MARKET SEGMENTATION: THE KEY TO UNLOCKING YOUR PRODUCT’S MARKETING POTENTIAL IN B2B
If you’re a dog or cat owner and your clothing and furniture are covered in pet hair, do you reach for the generic lint roller, or do you buy the “pet hair pick-up,” a product that’s basically a lint roller with your furry friends on the label?
Most pet owners will choose the pet hair pick-up because it speaks to their specific needs. The lint roller makers have figured out that they can generate more revenue by marketing the same product to a whole new market segment — pet owners — under a clever new name.
Take that same concept into the B2B world and you have vertical industry market segmentation for products and services that have horizontal value across many industries. It’s the best of both worlds. You’re driving growth by communicating more relevant and more targeted value propositions while maximizing your economies of scale at the product level.
For most B2B organizations, vertical marketing yields nothing but upside, especially if your products and services are a commodity or will be soon. In this post, we’ll discuss the importance of vertical market segmentation and how the relevance factor makes your marketing dollars more effective by reaching the right customers every time.
What is Market Segmentation and Why is it Important?
Market segmentation is, essentially, answering the question, “Who are our target customers?” Marketers generally answer that question by dividing potential customers into groups based on shared characteristics. The idea is to make marketing efforts more effective by appealing directly to your market’s specific needs.
In direct B2C marketing, market segmentation usually involves segmentation based on demographics, behavior, geography, and so on. Segmenting a B2B market is much simpler because there are fewer variables.
In B2B market segmentation in its purest form consists of 3 dimensions — vertical industry (e.g., healthcare, retail), size of the organization (e.g., revenue, number of employees) and geography (e.g., USA, Canada, Mexico).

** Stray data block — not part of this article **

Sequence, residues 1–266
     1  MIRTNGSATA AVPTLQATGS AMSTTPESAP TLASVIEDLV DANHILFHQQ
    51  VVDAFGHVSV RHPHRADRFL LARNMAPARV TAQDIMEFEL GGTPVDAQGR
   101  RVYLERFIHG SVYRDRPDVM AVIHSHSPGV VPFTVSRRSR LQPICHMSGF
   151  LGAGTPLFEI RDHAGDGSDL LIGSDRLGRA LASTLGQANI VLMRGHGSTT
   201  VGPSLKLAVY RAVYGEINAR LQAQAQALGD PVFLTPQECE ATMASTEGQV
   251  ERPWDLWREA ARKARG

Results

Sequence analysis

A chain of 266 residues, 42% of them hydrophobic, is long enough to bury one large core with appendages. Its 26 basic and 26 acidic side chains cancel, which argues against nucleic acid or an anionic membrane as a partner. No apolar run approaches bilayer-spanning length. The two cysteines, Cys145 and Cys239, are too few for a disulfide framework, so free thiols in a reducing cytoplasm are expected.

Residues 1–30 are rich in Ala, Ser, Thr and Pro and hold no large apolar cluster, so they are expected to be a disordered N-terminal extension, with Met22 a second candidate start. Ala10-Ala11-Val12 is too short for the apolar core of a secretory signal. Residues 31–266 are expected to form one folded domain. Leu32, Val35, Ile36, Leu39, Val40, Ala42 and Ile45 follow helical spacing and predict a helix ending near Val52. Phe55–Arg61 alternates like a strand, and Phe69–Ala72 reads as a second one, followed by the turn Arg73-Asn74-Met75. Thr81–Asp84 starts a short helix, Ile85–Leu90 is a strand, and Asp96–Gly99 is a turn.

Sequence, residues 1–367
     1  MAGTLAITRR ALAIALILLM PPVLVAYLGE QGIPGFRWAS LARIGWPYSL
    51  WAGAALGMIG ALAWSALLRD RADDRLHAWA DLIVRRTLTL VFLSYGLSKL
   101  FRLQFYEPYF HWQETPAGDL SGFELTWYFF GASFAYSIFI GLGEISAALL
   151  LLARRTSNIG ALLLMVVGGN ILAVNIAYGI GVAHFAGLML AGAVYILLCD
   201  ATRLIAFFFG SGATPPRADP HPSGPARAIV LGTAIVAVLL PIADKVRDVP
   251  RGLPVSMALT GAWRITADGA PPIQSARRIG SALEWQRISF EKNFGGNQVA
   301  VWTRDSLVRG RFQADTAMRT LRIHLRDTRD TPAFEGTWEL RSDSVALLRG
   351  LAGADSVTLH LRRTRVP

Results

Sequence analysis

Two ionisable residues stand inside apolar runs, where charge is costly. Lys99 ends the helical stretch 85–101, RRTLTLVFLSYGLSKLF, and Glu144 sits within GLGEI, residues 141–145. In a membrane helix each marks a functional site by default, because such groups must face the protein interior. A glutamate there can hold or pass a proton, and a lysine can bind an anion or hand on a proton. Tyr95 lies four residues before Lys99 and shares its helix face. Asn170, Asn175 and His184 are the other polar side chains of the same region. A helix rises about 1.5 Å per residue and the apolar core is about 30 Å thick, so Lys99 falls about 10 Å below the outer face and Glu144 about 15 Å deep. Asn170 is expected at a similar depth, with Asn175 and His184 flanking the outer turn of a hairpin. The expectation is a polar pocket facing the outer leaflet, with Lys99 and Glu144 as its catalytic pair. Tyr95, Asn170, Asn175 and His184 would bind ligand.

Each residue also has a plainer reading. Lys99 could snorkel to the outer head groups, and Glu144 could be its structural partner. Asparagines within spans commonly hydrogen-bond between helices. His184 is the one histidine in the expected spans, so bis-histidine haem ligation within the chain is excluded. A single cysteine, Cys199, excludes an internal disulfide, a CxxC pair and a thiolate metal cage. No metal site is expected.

Many organizations confuse market segments with personas. Personas are an important factor in your positioning, but the one thing you can’t do is estimate the size of a market using personas. Using industry, size and geography, sizing a market is pretty straightforward.
Personas are important when crafting the product messaging because it’s aimed at one or more stakeholders. Vertical industry segmentation allows you to tie the stakeholder messaging to strategic issues that are prevalent in each industry segment.
The two layers together give you a complete value message that speaks to both buyers and users in B2B.
Where Does Vertical Market Segmentation Come In?
The best way to find success as a business is not to become all things to all people, but rather design products that solve specific problems for specific markets. You may get lucky by marketing to a broad audience, but you’re much more likely to land a client that is actively looking for a solution to their problem. And that’s where vertical market segmentation comes into play.
By grouping your market segments based on industry, you’re able to find commonalities in their goals and business needs and remove any extraneous qualifiers that might alienate them in a traditional marketing strategy. We’ll illustrate the effectiveness of vertical market segmentation with a few examples below.
Vertical Market Segmentation for Marketing & Sales